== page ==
A few weeks after opening, I finally visited the Amazon bookstore in the University Village shopping center of Seattle, Washington.
The first thing I thought (along with just about everyone else hearing the news) is that it’s ironic that Amazon has decided to come out with a physical bookstore when they grew in size and scope by putting so many other physical bookstores out of business.
As far as appearance goes, the bookstore is pretty nice! The store is brightly lit, with rows of bookshelves along with areas designed for handling and testing out kindle products. News coverage of the store has explained that it is different from other bookstores because Amazon is using its huge database to stock only products that they believe will sell in a timely manner. Reps from Amazon have also said that instead of the spine out displays that are typical and are able to fit more books, they will show the book faces. This way the books each get more space and are easier to browse through.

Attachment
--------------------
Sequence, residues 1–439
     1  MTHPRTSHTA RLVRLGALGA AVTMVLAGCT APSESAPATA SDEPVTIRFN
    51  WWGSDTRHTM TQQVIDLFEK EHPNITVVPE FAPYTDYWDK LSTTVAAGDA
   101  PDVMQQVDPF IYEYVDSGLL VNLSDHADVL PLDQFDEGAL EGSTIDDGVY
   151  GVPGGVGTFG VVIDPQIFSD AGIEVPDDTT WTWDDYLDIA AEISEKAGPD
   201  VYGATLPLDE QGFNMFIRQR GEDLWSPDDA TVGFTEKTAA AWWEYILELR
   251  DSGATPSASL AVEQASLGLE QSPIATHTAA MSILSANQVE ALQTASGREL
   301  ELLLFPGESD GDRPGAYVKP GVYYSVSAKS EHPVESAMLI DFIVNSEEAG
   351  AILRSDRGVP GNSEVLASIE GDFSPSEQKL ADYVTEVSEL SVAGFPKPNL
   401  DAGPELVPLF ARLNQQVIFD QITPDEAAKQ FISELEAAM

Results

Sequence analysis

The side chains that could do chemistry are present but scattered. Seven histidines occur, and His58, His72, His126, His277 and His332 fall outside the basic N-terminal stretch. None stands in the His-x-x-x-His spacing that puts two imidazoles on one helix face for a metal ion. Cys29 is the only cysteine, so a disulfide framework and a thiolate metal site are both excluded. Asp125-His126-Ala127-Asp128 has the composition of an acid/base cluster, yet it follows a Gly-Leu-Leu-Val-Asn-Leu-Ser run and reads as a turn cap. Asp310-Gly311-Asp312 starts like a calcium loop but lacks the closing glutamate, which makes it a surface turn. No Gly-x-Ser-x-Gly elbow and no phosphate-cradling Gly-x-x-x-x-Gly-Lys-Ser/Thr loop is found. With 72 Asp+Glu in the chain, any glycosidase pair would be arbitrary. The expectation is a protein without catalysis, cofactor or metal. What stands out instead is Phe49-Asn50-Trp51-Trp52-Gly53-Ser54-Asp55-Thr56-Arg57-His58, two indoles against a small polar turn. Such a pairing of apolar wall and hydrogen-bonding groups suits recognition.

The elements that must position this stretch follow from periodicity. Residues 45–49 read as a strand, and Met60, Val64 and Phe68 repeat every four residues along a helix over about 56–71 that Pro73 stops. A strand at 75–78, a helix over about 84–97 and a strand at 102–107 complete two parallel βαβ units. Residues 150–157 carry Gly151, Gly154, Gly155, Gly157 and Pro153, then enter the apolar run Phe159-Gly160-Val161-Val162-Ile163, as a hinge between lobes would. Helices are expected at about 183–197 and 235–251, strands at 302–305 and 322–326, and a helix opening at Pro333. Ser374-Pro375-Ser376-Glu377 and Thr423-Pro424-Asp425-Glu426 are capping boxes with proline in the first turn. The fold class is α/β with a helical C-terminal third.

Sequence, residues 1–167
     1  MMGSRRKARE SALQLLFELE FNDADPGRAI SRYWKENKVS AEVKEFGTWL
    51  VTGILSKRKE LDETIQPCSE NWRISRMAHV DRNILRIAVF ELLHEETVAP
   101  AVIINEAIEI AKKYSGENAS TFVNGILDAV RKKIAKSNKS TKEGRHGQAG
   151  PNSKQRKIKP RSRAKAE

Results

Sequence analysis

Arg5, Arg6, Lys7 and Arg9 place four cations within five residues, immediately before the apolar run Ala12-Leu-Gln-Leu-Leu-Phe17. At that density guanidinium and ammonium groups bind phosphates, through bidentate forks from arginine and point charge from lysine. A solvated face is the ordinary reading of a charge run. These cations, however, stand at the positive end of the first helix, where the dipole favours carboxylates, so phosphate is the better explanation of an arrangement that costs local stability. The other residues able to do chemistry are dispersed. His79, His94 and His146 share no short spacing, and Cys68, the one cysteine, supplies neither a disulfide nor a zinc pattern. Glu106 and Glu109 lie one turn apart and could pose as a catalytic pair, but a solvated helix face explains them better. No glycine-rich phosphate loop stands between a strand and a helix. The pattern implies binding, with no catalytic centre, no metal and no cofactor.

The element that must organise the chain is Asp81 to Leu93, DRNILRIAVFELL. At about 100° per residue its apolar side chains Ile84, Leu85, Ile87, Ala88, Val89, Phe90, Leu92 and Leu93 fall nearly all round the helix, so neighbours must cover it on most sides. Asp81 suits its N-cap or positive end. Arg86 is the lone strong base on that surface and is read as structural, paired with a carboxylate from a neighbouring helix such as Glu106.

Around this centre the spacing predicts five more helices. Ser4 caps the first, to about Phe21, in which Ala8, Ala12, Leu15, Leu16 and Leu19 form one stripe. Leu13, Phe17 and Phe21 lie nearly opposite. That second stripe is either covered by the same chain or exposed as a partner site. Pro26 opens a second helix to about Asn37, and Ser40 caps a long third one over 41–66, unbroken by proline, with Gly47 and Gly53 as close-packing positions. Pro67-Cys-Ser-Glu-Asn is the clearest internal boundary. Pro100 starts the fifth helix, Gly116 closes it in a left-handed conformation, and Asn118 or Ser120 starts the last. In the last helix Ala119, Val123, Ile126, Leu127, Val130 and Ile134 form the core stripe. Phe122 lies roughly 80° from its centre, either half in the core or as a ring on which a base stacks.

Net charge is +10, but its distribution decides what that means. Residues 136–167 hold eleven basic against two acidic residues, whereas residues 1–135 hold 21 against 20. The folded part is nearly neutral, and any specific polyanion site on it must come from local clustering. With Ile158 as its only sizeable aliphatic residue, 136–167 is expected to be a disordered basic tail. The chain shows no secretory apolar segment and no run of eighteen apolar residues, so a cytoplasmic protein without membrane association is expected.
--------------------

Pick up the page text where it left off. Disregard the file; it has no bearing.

Ironic or not, I love a bookstore and Amazon may be onto something with how they stock and display books. Either way, only time will tell the success of Amazon’s first physical bookstore and whether there will be more to come in the future….
This is a really sweet story. A few pages in, I wasn’t sure whether to stick with The Storied Life of A.J. Fikry by Gabrielle Zevin because the main character is a snobby bookstore owner. I can’t stand people who think that they are superior because their reading tastes are “more advanced” than others and that’s what I saw in this character. At least, that’s what I felt at first.
Just a quick heads up, there are a few small spoilers ahead.
A.J. Fikry, a grumpy isolated man, is in a dark place in his life until a baby girl is abandoned in his bookstore with a desperate mother’s note asking for help. A.J. ends up connecting with the child and takes her into his home. This baby brings him back to life and her arrival changes him, making him open up to let in the world around him. He allowed the people in his community to become a part of his life as well, turning the bookshop into a central meeting spot.
The scenes between the two were funny as well, A.J. googling the different aspects of childrearing like how to run a bath or change a diaper, and the child’s view of the bookstore. This is a pretty quick story, only a couple hundred pages long, and I recommend it!